The culture of optimism in the craft community.

This space was created for me to write like I did in the olden days of LiveJournal and to absolve myself of the stress that blogging for purpose creates. To be honest, I don't have the time or the content to justify a homemaking blog, no matter how I fool myself. So heirloom tomato is just a space where I can spread my thoughts haphazardly all over the place without regard to my readership or any kind of authority. But, this post might be crossposted simply because I feel that strongly about it.

I feel stifled by, and simultaneously shunned by, the culture of positivity that exists presently in the crafty world. For all of the foibles one must encounter in any avenue of their life, senseless optimism is perhaps the most infuriating. To say that the concept of positivity versus negativity has become polarized in this environment is an understatement. There are evangelicals and dissenters and nary the two shall meet, be friends or even care what the other has to say. Of late, I've been lumped in with the dissenters and subsequently I feel that I've also been labeled negative, pessimistic, cranky, angry, and generally unpleasant by the general aura of the crafty community. Now, before you get all pedantic about what I'm saying here, I do acknowledge that my feelings are not fact AND that I have reached these conclusions because of the vast fields of chirping crickets I have faced of late when I've lamented these very real problems and complications. I should also take the time here to spell something out: the use of I in all of these sentences does not mean I'm making this about ME. In fact, I'm the least of my worries in the grand scheme.

People have reached out to pat me on the head, they've told me that pessimism won't get me anywhere, and have even gone so far as to suggest that resting on my laurels is no way to change the world. Writing in a blog and sharing with the greater internet community is not "resting on my laurels", I assure you, and I also assure you that these are not the only avenues I have taken. I have been ignored both by Etsy AND by websites like Etsy Bitch, both of whom I have contacted directly. Not to say that they are the end-all of the crafty community, but Etsy and the general influence it has on the craft community is a concern I have prioritized. I had also been asked to write for a blog but to keep the content "positive" in light of what I had recently written on QD. Subsequently, I have not written for that blog. Therein lies my frustration with this entire situation:

It is a matter of privilege to think that I am being "pessimistic/negative" with my words and issues when it comes to addressing oppression. It suits the greater good to think I am a rebel-rouser, and it only secures the status quo by assuming that I am a representative of the dark underbelly. I am, in fact, far more optimistic than most people in craft today.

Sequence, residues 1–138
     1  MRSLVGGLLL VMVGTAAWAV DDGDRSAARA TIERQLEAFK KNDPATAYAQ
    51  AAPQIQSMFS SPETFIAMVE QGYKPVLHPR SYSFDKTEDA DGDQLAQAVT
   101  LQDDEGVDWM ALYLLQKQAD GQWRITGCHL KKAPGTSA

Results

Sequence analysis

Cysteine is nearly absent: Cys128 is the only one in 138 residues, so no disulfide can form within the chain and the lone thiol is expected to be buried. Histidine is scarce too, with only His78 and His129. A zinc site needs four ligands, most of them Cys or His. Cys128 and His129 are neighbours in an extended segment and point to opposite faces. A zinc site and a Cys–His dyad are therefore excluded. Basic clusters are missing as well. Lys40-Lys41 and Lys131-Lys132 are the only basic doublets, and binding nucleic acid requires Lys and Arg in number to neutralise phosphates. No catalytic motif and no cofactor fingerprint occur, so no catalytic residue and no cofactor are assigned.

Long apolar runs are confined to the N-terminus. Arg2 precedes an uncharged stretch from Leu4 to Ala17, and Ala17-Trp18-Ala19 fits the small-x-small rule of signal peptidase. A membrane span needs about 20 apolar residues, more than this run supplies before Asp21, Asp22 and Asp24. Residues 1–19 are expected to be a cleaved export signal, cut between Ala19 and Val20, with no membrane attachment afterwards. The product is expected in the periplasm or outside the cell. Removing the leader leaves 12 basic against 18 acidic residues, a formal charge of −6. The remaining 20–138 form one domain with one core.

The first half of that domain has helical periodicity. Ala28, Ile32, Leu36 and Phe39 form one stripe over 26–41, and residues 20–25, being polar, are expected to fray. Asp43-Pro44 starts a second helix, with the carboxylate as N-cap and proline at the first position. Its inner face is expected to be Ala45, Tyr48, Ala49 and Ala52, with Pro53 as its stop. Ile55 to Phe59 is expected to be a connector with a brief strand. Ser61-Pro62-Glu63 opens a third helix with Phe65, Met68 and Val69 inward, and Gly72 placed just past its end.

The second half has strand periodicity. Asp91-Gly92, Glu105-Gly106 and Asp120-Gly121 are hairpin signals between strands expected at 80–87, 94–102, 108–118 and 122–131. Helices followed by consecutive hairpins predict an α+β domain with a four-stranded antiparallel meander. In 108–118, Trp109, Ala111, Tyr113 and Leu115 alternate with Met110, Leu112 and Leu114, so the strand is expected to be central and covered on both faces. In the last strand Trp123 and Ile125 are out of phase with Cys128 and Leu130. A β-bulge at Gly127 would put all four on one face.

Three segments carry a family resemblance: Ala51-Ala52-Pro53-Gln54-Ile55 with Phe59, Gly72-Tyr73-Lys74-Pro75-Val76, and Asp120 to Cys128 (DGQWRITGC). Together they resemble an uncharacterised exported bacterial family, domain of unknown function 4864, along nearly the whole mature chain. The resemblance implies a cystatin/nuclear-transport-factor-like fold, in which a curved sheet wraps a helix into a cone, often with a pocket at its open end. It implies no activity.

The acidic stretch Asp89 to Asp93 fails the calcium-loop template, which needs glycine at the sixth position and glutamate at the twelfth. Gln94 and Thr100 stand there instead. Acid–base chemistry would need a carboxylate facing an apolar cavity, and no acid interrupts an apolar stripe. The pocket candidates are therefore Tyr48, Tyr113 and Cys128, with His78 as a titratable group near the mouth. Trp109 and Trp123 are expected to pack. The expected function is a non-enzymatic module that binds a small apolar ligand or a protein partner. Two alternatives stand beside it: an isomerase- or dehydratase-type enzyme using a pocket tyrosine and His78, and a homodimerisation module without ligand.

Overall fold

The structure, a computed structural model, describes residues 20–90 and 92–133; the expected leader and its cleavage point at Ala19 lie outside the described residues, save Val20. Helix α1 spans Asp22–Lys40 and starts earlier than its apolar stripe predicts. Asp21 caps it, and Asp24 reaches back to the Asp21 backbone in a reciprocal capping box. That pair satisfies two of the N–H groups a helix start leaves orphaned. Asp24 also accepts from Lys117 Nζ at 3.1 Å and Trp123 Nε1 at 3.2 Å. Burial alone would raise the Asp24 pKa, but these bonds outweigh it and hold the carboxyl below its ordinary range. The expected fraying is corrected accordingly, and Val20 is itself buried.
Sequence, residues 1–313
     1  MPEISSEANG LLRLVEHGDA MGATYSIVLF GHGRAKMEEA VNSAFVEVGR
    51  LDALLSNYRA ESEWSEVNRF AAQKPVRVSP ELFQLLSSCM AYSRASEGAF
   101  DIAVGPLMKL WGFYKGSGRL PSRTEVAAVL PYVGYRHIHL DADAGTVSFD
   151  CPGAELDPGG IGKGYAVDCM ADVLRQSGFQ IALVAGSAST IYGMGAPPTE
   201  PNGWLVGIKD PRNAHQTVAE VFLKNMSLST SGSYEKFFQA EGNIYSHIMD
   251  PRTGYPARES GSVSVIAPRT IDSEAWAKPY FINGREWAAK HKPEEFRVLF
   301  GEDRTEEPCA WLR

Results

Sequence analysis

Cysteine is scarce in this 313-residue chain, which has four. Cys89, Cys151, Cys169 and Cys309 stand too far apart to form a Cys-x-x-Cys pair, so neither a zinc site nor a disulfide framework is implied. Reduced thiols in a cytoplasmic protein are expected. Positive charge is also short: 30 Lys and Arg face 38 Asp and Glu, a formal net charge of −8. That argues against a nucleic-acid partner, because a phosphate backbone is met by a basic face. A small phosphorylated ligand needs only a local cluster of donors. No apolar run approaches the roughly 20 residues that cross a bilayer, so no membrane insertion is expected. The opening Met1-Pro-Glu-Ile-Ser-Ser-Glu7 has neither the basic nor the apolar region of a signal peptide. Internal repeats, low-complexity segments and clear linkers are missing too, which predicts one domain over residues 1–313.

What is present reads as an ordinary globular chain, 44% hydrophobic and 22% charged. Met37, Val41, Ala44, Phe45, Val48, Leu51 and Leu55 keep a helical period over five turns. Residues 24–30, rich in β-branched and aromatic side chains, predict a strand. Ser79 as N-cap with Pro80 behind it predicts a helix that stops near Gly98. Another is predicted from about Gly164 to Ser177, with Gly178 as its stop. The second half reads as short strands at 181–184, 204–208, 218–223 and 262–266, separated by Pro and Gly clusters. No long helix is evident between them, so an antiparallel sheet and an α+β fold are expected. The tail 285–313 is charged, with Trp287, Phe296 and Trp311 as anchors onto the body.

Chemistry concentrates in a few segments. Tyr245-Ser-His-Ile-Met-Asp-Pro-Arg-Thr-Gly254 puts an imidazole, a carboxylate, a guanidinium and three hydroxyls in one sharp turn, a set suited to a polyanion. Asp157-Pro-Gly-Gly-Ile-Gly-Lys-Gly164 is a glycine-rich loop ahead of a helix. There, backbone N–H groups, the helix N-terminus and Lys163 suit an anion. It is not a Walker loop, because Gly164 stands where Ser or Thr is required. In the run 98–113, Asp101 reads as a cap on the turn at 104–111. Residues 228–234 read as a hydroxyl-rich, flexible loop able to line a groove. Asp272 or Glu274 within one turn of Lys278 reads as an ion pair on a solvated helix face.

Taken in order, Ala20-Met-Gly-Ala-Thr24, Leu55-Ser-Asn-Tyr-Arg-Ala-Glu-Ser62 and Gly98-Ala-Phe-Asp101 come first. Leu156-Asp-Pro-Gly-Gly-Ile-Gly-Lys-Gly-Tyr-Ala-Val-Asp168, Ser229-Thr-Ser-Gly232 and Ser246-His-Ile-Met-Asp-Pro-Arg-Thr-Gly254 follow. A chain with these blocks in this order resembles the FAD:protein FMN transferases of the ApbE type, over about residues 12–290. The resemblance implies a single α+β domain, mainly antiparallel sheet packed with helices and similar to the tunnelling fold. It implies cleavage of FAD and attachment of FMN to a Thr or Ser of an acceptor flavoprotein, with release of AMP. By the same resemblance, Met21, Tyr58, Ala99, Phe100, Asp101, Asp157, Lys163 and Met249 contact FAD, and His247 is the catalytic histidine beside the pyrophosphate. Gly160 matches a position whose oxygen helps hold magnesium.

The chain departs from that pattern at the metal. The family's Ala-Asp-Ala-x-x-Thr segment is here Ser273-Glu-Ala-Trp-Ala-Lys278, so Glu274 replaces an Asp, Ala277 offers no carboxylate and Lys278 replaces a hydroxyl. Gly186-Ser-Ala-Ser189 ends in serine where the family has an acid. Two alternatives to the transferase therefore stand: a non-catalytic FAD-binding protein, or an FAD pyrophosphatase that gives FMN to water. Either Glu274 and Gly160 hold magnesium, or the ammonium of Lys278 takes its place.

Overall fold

To have privilege and to deny its existence in this world and in the realm of craft, to contend that it has nothing to do with craft, and to not acknowledge it is irresponsible at best, destructive at worst...is pessimism defined. It is the acknowledgment that things have not and will never change, and that the people who feel unrepresented or underrepresented should just capitulate to what the "majority" dictate, which is more appropriately described as those in power.

Admitting fault is one of the most complex and painful experiences that one must go through. It is second only to releasing power. Trust me, I have admitted fault and I will continue to as a cisgendered, white, child of the upper middle class and I still struggle with the complex and painful process of releasing power. It is a responsibility that I take on because ultimately, despite the hard work one must process through, the rewards are that much sweeter.

Etsy and the greater craft community have an obligation to not ignore their privilege and an obligation to redefine their priorities. Being in an insulated, sometimes faceless, community like the craft world does not mean you can ignore that which goes on around you or call it pessimism/negativity when someone brings it up in a manner with which you disagree. And if Etsy/craft is working on this, they have neither made any claim that would indicate it a priority NOR has the material that they generate changed in any way. People, aesthetics, styles and even materials are stil appropriated on a daily basis; racial, ethnic and cultural identities whitewashed by the overabundancy of the dominant class in its blogs and in its treasuries. In this case, when the face of modern craft is white, cisgendered, educated, heterosexual and middle class, you are only speaking to that particular subset of people. The entire world of craft could be a veritable pantheon of diverse and beautiful wonderment, but it's not. Not yet, anyway.

No comments:

Post a Comment

Note: Only a member of this blog may post a comment.

All content © Meaghan O'Malley, 2009-2012. Header image by Rebekka Seale.